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Vocal Cord Dysfunction vs. Asthma

Vocal cord dysfunction (VCD) is the abnormal narrowing of the vocal cords that causes asthma-like symptoms.


Symptoms include shortness of breath, hoarseness or wheezing, chronic throat clearing, chest or neck tightness, and trouble breathing. VCD most often occurs during high-intensity exercise, anxiety attacks, acid reflux, and exposure to varies irritants, such as fumes or strong odors.


Vocal cords are two folds of the mucous membrane in the larynx (voice box) at the top of the windpipe. They close and protect the airway when you cough and clear your throat in response to irritants, smoke, allergens, or illness.


In individuals with VCD, the vocal cords close involuntarily when they breathe, making it difficult to move air in and out of the lungs.


The attack is usually sudden and brief. There may be tightness in the throat, breathlessness, a feeling of trapped mucus in the back of the throat, and a voice taking on a raspy quality.


Once the irritant is eliminated, symptoms will typically improve promptly on their own. However, if the attack is severe, treatment may require the emergency room visit.


Since VCD is often confused with exercise-induced asthma, the differential diagnosis of the two is critical for proper treatment. Often people with VCD get misdiagnosed because the signs and triggers are so similar to asthma.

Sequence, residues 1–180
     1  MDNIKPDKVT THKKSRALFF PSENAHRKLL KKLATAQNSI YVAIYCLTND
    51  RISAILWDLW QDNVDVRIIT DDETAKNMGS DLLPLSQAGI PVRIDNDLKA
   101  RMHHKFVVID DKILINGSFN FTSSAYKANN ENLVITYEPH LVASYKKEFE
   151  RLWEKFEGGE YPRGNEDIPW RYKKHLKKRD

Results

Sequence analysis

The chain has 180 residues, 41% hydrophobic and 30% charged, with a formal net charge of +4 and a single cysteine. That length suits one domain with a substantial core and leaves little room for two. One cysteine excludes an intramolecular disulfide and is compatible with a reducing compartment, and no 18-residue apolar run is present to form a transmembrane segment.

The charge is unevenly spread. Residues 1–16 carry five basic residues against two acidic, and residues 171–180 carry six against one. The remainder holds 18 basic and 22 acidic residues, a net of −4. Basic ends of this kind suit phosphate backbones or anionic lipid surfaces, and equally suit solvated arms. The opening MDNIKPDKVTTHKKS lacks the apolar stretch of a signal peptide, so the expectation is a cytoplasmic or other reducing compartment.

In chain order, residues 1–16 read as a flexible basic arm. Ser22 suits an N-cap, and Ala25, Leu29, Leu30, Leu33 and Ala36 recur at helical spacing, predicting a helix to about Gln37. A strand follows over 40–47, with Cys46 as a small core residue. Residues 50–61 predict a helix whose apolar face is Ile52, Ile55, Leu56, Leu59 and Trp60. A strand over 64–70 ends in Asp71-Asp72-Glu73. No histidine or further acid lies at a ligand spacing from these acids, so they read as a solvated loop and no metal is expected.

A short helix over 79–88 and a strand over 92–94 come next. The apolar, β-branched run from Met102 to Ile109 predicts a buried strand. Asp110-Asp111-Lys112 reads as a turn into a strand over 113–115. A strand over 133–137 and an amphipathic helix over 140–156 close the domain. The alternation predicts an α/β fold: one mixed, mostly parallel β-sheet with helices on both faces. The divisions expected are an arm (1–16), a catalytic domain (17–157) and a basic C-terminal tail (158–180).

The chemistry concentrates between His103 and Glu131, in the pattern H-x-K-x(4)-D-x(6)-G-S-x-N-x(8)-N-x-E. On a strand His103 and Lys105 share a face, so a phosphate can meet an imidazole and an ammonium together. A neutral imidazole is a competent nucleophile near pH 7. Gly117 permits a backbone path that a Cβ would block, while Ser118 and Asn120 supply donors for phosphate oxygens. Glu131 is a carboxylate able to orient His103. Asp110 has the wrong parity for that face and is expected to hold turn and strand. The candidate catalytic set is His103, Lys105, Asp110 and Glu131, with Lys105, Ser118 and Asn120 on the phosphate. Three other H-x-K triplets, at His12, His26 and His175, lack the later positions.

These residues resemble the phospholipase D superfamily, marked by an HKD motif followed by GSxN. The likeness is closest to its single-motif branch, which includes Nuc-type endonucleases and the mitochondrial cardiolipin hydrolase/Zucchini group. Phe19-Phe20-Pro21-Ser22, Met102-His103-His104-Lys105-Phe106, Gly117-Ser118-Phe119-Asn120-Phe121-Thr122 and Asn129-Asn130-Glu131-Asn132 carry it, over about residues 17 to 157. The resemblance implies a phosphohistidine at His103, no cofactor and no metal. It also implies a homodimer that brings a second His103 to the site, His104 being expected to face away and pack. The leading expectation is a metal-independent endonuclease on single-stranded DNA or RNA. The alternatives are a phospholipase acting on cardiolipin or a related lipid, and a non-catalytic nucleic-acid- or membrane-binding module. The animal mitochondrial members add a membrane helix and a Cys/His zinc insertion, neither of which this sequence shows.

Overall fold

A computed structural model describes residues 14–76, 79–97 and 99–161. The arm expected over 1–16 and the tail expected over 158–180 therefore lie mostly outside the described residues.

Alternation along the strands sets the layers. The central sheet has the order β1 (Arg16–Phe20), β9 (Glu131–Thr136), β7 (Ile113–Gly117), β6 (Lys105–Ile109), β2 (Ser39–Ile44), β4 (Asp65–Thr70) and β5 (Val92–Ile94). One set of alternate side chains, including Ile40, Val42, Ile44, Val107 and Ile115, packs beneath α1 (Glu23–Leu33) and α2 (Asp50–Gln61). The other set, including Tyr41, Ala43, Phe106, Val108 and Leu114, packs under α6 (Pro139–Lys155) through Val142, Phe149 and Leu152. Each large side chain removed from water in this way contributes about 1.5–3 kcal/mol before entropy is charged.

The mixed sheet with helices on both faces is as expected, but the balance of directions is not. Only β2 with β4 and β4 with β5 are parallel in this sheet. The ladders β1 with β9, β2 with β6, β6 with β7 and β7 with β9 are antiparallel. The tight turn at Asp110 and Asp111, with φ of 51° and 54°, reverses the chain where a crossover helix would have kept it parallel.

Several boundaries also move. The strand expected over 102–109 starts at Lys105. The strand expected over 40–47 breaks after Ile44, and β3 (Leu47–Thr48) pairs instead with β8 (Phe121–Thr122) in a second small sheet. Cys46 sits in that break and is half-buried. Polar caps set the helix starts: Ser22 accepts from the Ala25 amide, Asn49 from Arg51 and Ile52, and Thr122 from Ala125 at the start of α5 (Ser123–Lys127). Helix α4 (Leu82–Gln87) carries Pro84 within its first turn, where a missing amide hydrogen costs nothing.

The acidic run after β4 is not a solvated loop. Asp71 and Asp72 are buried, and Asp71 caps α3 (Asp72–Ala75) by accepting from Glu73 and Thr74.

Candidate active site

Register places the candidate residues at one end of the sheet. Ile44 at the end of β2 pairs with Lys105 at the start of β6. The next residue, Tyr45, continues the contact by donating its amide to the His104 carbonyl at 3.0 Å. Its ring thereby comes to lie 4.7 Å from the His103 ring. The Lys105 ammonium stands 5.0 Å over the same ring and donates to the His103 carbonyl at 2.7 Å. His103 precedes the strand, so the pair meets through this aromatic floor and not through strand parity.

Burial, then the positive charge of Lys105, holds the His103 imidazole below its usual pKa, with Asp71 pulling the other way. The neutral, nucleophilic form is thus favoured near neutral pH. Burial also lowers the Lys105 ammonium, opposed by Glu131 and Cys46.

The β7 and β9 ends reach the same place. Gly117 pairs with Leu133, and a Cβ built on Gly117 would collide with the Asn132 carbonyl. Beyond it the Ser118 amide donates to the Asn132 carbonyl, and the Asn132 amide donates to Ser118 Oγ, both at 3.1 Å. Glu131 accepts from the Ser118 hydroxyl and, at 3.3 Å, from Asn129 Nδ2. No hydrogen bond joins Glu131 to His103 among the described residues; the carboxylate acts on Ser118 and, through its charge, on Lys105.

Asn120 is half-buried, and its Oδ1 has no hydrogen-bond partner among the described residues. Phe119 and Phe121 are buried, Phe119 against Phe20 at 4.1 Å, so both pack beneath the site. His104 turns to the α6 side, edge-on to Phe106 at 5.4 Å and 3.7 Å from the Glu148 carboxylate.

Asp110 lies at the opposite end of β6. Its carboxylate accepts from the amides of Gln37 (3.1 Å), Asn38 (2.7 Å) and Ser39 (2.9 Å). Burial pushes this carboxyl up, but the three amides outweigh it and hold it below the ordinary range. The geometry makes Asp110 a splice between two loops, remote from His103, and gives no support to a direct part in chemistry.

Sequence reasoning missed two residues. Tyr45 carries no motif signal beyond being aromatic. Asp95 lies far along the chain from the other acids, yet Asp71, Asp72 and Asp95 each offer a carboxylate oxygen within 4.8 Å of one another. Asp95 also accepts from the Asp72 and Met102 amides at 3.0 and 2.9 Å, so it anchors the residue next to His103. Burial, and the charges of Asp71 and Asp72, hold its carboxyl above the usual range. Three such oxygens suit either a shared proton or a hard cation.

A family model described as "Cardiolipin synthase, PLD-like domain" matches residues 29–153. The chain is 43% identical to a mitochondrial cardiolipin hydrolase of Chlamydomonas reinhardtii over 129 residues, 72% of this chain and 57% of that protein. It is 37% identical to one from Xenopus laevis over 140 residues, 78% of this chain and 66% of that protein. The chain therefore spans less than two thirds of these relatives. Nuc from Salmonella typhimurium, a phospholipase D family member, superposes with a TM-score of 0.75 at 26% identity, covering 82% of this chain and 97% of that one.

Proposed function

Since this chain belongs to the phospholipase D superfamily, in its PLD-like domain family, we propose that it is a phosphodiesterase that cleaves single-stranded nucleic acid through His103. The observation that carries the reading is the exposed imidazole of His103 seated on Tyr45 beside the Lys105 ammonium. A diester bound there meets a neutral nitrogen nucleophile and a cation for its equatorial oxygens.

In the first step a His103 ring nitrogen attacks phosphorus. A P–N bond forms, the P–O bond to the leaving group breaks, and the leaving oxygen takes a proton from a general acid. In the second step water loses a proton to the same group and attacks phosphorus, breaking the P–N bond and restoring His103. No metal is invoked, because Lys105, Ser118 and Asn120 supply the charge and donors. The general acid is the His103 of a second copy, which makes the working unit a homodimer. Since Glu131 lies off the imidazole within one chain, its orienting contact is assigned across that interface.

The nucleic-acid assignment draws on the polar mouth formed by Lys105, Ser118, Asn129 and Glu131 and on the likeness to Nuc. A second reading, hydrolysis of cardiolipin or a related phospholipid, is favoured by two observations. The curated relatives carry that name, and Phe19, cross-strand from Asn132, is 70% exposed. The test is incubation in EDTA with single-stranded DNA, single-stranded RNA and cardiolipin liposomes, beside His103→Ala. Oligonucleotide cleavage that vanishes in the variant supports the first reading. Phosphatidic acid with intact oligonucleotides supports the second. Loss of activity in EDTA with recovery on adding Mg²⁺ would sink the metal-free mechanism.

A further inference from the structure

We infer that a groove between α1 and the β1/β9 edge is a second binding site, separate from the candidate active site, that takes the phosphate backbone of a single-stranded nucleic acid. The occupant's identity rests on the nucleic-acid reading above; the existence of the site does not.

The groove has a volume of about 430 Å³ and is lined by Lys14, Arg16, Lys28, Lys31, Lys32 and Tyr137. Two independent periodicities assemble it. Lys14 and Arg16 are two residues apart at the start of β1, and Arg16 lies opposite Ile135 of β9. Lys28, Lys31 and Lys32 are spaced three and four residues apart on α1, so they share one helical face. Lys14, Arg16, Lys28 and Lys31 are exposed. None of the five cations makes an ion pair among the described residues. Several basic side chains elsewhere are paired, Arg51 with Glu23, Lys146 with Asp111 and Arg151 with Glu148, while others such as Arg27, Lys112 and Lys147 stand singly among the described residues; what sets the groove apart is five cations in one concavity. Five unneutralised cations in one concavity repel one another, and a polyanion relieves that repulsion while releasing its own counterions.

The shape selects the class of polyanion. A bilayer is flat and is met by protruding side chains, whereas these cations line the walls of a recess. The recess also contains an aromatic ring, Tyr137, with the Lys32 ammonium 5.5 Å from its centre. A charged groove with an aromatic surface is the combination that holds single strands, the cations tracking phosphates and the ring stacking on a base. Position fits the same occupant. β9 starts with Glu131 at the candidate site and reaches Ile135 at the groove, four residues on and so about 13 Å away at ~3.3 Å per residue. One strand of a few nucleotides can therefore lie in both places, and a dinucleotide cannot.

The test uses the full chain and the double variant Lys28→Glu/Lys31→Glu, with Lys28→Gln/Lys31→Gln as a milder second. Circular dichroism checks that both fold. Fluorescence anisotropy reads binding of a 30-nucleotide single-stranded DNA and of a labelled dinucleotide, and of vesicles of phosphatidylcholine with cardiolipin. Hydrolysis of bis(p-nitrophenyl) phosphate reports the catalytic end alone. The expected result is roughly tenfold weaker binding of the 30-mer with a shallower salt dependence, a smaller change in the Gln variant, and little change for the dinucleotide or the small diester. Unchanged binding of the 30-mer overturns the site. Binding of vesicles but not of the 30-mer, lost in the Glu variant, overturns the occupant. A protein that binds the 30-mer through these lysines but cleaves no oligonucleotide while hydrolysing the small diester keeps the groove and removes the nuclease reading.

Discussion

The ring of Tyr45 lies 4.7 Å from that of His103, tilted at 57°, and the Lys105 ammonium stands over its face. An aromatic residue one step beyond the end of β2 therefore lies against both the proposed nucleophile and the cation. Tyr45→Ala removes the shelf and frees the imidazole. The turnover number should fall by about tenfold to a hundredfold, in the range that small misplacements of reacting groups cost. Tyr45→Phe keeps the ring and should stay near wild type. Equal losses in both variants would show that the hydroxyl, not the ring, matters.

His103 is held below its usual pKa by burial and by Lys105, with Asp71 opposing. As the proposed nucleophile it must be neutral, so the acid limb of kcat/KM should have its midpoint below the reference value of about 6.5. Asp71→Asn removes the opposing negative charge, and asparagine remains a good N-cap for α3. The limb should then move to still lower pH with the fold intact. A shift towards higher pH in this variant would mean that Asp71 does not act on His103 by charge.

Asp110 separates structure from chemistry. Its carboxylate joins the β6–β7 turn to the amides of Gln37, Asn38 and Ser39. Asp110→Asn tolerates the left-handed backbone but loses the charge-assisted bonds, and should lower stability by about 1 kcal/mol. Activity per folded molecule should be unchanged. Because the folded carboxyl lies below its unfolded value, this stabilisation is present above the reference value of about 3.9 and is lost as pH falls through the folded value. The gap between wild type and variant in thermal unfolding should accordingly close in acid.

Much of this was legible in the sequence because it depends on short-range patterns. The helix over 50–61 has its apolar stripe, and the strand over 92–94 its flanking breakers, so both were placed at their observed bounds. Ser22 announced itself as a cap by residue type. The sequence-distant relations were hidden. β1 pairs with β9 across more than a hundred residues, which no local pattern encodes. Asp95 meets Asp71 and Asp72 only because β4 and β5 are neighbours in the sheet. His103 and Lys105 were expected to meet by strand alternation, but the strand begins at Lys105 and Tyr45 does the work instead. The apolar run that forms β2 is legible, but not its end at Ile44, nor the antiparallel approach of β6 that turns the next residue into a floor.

Some studies describe the average delay of 4 years in diagnosing such cases accurately. People with VCD can also have asthma and other laryngeal disorders at the same time, each of which will require an individual treatment plan.


The causes of VCD are not yet completely understood. Most commonly, VCD is linked to stress, anxiety, acid reflux, and uncontrolled contractions of the vocal folds.



Triggers


Top 3 triggers to cause the attack are vigorous exercise, post-nasal drip and gastroesophageal reflux disease (GERD). Conventional asthma medications don’t help patients with VCD. If a person has been misdiagnosed with asthma, an inhaler won’t help.


To avoid unnecessary treatments, spirometry (pulmonary function testing) is used to measure how much and how fast air moves in and out of your lungs. For the accurate diagnosis, spirometry needs to be performed while the patient is having symptoms.


If VCD is not active during testing, the result will show normal movements of the vocal cords; as a result, the test can't confirm or rule out a diagnosis.


The main treatment includes speech therapy with the emphasis on breathing techniques that will help a patient to control the vocal cords. Relaxation techniques and psychotherapy are also helpful in managing anxiety and stress that trigger VCD.


If you have asthma, post-nasal drip or acid reflux (GERD) and VCD, talk to a specialist about how to keep symptoms under control and prevent attacks.

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